About Chandrayan Gupta
Chandrayan Gupta is an author of four psychological crime thriller novels and the recipient of five Top Writer tags on the internationally reputed publishing platform Medium, where he has published 300+ articles on topics ranging from mental health to writing. His fourth novel, Motherson, has been critically acclaimed.
LiFT: Tell us about your book, the journey of writing it and its content.
Chandrayan: Motherson is a psychological thriller about a teenager who suspects his mother might be a serial killer. But for every piece of evidence he uncovers, his mother offers an innocent explanation. Is his mother truly a serial killer? Or is he suffering from schizophrenia? Motherson revolves around that central question, but it is more than a murder mystery. It is an exploration of the boundaries of a mother-son relationship, whether there are any boundaries, whether there should be. When readers are first introduced to Abhik and Lipi, their relationship is strained. She is distant and cold. And the book explores what happens to a boy who, despite craving it, is denied his mother’s love. It also touches upon mental illness, specifically depression and schizophrenia. Without spoiling anything, Abhik and Lipi are both grappling with mental illness, and their perception of the world is clouded because of it.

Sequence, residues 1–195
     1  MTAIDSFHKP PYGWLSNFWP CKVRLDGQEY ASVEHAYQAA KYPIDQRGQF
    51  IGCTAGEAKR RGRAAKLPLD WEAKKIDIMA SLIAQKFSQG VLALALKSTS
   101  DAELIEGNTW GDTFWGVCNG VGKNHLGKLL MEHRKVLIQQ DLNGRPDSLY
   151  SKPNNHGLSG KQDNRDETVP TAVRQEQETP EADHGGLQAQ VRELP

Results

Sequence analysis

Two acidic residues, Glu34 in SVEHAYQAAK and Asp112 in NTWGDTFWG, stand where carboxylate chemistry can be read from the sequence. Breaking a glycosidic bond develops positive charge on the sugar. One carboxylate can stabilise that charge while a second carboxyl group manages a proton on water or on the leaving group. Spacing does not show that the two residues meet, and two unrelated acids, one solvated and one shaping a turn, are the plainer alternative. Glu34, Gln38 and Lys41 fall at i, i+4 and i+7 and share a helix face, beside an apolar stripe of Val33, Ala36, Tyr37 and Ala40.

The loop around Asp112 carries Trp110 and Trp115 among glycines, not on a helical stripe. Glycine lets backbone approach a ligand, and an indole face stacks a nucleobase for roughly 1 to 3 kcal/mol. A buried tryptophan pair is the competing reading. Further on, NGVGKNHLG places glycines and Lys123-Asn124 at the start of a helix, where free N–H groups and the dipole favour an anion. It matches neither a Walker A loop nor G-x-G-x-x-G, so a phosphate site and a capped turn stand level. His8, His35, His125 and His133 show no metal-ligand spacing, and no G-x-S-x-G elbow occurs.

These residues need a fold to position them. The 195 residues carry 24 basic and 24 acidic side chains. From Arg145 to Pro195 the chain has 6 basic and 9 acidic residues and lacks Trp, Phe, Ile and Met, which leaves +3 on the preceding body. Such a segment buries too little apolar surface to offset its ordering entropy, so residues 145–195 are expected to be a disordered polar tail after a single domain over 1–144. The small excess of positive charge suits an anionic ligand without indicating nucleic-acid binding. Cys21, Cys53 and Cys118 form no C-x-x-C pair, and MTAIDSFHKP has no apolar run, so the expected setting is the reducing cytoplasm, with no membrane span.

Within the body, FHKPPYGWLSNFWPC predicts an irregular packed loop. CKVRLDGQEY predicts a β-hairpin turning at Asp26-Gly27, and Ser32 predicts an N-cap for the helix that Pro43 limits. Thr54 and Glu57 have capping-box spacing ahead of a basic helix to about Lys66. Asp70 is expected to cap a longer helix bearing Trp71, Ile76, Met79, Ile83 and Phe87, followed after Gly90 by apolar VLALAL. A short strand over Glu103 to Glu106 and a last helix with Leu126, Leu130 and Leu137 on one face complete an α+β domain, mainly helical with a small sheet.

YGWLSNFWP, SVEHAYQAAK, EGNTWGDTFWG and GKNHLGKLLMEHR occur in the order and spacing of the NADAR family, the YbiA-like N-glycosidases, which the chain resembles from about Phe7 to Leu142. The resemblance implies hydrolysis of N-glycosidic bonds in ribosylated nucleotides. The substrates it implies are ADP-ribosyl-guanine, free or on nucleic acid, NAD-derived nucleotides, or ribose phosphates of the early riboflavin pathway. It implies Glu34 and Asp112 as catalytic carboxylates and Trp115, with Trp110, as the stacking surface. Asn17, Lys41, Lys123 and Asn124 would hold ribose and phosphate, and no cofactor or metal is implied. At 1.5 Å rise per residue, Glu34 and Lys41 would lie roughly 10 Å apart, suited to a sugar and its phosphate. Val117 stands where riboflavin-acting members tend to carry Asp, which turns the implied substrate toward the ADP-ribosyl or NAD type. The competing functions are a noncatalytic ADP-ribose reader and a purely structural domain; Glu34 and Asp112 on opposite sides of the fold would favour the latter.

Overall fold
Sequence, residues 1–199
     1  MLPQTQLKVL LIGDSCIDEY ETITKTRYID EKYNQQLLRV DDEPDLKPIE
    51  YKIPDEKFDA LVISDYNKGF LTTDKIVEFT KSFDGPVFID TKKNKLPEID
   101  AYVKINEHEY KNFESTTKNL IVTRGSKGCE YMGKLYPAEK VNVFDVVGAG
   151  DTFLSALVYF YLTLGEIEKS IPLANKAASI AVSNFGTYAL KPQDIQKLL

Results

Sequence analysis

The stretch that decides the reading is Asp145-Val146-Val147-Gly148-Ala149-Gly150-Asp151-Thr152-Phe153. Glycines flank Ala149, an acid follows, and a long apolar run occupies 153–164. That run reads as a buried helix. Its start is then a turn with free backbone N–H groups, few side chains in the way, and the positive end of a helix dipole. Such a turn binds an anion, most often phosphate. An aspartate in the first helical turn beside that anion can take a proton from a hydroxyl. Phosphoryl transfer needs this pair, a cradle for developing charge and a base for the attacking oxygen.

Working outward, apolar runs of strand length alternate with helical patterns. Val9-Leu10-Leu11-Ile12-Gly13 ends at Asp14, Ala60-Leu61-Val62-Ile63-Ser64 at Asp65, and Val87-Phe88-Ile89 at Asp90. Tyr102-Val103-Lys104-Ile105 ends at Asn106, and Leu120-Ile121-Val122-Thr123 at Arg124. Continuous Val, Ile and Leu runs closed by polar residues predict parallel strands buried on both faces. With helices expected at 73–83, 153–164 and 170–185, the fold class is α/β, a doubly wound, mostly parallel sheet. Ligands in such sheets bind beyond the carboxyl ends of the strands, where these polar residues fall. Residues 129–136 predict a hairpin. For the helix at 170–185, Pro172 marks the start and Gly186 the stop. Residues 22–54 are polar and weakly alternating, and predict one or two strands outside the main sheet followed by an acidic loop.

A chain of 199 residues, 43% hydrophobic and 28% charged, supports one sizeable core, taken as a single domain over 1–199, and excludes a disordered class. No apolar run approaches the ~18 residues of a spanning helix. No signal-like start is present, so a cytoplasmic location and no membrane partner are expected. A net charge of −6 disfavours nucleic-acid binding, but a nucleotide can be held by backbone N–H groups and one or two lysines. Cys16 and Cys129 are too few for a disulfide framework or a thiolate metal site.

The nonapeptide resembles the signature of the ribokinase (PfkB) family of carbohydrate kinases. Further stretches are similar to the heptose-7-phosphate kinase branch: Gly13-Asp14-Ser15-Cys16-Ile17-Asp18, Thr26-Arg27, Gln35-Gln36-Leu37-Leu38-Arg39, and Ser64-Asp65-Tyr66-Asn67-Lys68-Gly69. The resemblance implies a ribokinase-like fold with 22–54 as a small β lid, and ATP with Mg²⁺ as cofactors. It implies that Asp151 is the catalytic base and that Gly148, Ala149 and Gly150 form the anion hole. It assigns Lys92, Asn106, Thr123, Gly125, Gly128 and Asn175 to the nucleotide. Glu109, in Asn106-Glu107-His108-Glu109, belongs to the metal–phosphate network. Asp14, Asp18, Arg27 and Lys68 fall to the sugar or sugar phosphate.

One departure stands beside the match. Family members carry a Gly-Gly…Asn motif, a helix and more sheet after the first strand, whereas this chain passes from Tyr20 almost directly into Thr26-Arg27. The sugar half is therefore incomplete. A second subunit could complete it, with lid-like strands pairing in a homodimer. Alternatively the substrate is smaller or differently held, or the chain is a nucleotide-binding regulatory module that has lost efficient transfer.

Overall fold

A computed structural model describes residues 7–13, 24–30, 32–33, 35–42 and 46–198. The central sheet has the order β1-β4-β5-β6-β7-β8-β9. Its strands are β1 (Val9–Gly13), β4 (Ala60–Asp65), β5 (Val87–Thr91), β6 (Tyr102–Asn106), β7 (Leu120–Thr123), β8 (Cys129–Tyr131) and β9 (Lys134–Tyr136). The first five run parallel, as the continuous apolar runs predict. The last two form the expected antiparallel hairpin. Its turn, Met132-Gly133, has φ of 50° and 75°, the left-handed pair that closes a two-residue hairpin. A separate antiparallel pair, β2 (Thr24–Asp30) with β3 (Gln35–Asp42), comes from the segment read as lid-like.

I’ve always been fascinated with the concept of family. These are people one would ordinarily either dislike or nor care for too much, but since they spend so much time together an ineffable bond develops. Family is the only kind of relationship, in my experience anyway, which transcends compatibility. One might despise their mother, disapprove of their likes and habits, and they might stand for completely opposite ideals, yet the underlying love never dies. Family is the only kind of relationship where love and hate exist in equal measure. One might love their mother to death yet not be able to stand her presence for longer than ten minutes. And I am a huge admirer of ambiguity, of authors like Karen Cleveland, whose debut novel, Need to Know, directly inspired Motherson’s plot. Although they belong to different genres – Need to Know is more of a spy novel and does not revolve around a mother-son relationship – they have in common the device of ambiguity. Lipi could be a serial killer, she could not be a serial killer. I’ve attempted to create something which readers think about. They can form their own opinions. And while the story does resolve – ambiguity without closure is frustrating – the reader can still interpret events their way. So these concepts merged to create Motherson.